filed: September 9, 1983.
COMMONWEALTH OF PENNSYLVANIA, APPELLANT,
WILLIAM EDWARD MOLAN
No. 2288 Philadelphia, 1981, Appeal from Order of the Court of Common Pleas, Criminal Division, of Bucks County, No. 3422 of 1980.
Stephen B. Harris, First Assistant District Attorney, Doylestown, for Commonwealth, appellant.
Nancy Larkin, Assistant Public Defender, Doylestown, for appellee.
Rowley, Wieand and Beck, JJ.
[ 318 Pa. Super. Page 522]
The trial court dismissed burglary, theft and conspiracy charges against William Edward Molan because an assistant district attorney had recommended that an accomplice, who was also a Commonwealth witness, not discuss his testimony privately with Molan's counsel without first consulting
[ 318 Pa. Super. Page 523]
his own counsel. The Commonwealth appealed. We reverse.
Molan and Thomas H. Stuart had been arrested and charged with burglary, theft and conspiracy in connection with the taking of Hummel figurines, valued at Ten Thousand Dollars ($10,000.00), from the Carriage Stop in Richboro, Bucks County. Stuart, while represented by private counsel, confessed his role in committing the crime, agreed to testify against Molan, and entered a negotiated plea of guilty. Immediately prior to commencement of trial on the instant charges, Molan's counsel, in the presence of the assistant district attorney, asked if Stuart would meet with counsel to discuss the facts of the case. Stuart was told by the prosecuting attorney that he was not required to submit to an interview by defense counsel but agreed nevertheless to do so. When it became apparent that defense counsel intended to confer privately with Stuart, the assistant district attorney told Stuart that he should speak with his attorney before submitting to interrogation by defense counsel. He said that although he could not tell Stuart what to do, defense counsel was not Stuart's friend and suggested a second time that Stuart call his attorney and speak with him. Thereafter, Stuart declined to be interviewed by defense counsel. These facts were shown in an evidentiary hearing held in response to a defense motion to dismiss because of alleged prosecutorial misconduct.
Molan's motion to dismiss relied upon the decision of the Supreme Court in Lewis v. Court of Common Pleas of Lebanon County, 436 Pa. 296, 260 A.2d 184 (1969). This reliance was misplaced. In Lewis, the defense had attempted to conduct a pre-trial interview with an F.B.I. agent who was a key prosecution witness. F.B.I. policy prohibited such an interview without the consent of the district attorney. The trial court, over the district attorney's objection, granted a defense application requesting that such an interview be ordered. The district attorney, although conceding that he did not have the power to prevent such an interview, continued to express an opinion that the F.B.I. should not
[ 318 Pa. Super. Page 524]
permit the interview. Finally, the court advised the prosecutor that if the agent did not meet with defense counsel, the agent would be barred from giving testimony during trial. The Commonwealth then petitioned the Supreme Court for a writ of prohibition to prevent enforcement of the court's order. The Supreme Court refused a writ of prohibition, holding that "in the absence of an affirmative and convincing showing of exceptional circumstances or compelling reasons, a district attorney may not interfere with the pretrial interrogation by a defense counsel of persons who may be called upon as witnesses in the case." Id., 436 Pa. at 303, 260 A.2d at 188-189 (emphasis omitted).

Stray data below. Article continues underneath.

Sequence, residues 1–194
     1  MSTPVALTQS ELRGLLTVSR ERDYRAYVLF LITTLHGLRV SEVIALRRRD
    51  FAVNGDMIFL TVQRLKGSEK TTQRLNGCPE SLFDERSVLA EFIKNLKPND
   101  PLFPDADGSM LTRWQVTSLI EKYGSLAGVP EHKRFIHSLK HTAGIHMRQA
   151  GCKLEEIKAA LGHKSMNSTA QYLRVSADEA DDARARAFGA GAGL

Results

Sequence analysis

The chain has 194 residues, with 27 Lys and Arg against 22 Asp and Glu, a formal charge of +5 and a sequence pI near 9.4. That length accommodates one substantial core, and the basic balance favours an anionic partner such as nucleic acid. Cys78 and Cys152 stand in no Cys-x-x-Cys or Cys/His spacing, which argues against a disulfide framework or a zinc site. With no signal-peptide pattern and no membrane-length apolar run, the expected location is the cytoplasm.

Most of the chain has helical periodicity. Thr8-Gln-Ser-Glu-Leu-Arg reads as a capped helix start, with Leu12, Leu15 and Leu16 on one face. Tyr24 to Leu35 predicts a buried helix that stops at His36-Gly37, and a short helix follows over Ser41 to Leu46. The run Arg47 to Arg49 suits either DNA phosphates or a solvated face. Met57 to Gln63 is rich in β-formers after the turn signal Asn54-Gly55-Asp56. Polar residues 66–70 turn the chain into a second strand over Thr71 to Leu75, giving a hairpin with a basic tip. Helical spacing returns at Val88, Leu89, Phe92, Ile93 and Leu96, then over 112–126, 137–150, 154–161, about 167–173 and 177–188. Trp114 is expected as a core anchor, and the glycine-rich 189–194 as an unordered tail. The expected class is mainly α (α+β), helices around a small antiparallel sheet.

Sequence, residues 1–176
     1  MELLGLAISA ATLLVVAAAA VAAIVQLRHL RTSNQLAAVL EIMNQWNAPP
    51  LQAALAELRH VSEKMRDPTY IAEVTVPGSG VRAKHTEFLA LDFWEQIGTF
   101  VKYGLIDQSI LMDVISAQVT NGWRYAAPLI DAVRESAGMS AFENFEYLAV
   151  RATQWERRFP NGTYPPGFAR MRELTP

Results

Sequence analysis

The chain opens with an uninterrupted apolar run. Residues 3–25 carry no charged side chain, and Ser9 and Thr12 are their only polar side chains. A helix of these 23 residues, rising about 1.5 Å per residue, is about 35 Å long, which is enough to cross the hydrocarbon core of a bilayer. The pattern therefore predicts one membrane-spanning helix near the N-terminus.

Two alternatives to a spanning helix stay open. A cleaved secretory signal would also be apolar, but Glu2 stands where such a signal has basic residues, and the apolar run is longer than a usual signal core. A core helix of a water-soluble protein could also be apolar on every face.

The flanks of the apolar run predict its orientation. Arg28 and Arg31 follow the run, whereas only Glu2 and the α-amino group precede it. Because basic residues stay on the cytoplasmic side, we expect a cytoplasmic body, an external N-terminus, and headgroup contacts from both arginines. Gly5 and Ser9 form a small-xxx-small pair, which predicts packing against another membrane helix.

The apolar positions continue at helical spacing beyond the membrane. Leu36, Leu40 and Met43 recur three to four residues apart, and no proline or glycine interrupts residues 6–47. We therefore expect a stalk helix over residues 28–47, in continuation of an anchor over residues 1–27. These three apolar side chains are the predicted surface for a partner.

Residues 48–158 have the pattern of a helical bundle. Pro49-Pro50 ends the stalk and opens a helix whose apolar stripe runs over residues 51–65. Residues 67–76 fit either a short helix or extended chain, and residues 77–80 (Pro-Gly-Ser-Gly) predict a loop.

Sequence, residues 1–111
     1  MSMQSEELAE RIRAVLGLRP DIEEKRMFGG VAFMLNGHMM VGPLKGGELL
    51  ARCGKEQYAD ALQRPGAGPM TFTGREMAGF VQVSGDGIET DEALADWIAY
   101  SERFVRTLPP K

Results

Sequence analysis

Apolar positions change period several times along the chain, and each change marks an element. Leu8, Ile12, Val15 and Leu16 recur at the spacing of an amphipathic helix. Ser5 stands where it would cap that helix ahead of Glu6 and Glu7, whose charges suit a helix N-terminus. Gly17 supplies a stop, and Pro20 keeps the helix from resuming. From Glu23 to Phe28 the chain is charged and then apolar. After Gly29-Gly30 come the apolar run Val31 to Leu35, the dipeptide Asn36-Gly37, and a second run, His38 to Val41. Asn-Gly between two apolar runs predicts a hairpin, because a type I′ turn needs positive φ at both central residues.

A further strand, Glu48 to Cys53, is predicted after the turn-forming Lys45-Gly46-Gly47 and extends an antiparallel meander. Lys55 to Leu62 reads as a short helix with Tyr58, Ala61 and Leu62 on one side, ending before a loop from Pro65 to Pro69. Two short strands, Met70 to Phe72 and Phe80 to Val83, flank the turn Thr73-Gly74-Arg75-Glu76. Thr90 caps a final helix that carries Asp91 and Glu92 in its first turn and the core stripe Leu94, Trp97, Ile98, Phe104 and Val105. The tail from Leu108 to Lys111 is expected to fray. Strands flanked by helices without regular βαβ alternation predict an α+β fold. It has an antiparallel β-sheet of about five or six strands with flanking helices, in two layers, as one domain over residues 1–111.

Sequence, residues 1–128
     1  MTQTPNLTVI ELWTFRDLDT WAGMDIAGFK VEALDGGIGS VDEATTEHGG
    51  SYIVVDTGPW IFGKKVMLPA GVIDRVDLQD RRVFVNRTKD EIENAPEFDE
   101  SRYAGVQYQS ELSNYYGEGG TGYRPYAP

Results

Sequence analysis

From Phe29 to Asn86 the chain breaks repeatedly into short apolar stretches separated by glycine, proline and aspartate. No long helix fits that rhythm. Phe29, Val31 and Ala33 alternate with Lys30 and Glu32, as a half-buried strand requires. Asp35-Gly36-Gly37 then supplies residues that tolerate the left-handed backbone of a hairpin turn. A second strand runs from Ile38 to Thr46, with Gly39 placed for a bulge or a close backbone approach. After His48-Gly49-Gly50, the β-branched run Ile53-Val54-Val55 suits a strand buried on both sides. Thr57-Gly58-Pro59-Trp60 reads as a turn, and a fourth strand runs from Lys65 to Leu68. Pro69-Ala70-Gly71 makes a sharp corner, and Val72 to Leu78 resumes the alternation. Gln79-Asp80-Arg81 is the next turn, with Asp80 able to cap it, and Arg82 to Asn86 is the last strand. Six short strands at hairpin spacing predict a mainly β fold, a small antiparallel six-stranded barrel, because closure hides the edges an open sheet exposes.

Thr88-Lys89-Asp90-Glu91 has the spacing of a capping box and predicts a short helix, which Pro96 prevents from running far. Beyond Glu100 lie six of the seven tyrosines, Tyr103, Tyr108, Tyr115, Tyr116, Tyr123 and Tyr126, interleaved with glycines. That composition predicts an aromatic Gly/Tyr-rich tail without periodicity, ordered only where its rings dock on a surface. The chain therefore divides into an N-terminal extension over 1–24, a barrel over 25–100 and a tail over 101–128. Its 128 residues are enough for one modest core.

Subsequent decisions have refined and limited the Court's language in Lewis and are determinative of the instant appeal. In Commonwealth v. Sistrunk, 460 Pa. 655, 334 A.2d 280 (1975), a potential witness told defense counsel that "the district attorney did not want him to discuss the case with anyone unless the district attorney was present." The Supreme Court observed, inter alia, that a pre-trial application for relief had never been made and that a subpoena for the witness had not been issued. Moreover, the potential witness had not been called by either party. Id., 460 Pa. at 658, 334 A.2d at 281. A judgment of sentence following a jury verdict of guilty, therefore, was affirmed.
In Commonwealth v. Allen, 501 Pa. 525, 462 A.2d 624 (1983), the Supreme Court held that there was no prosecutorial misconduct where the prosecutor had informed the trial court of a witness' suspected complicity in the crime for which the defendant was to be tried and suggested that counsel be appointed to advise the witness before he testified. Similarly, in Commonwealth v. DiGiacomo, 463 Pa. 449, 345 A.2d 605 (1975), it was held that it was not improper for a prosecutor to advise an eyewitness of the Fifth Amendment right not to testify where the evidence known to the prosecutor suggested possible complicity of the witness in the commission of the crime. See also:
[ 318 Pa. Super. Page 525]
Moreover, even where a district attorney has obstructed defense counsel's access to a witness, the remedy is not dismissal of the criminal charges. Rather, a defendant should, at least in the first instance, seek from the court an order which will enable him to achieve the desired access. If this had been done in the instant case the court could have fashioned an order calculated to insure that the witness would have been made available for the interview defense counsel wished to conduct. See: Commonwealth v. Sistrunk, supra; Lewis v. Court of Common Pleas of Lebanon County, supra. Dismissal of the charges, however, was an extreme and unwarranted remedy.*fn1
Reversed and remanded for trial. Jurisdiction is not retained.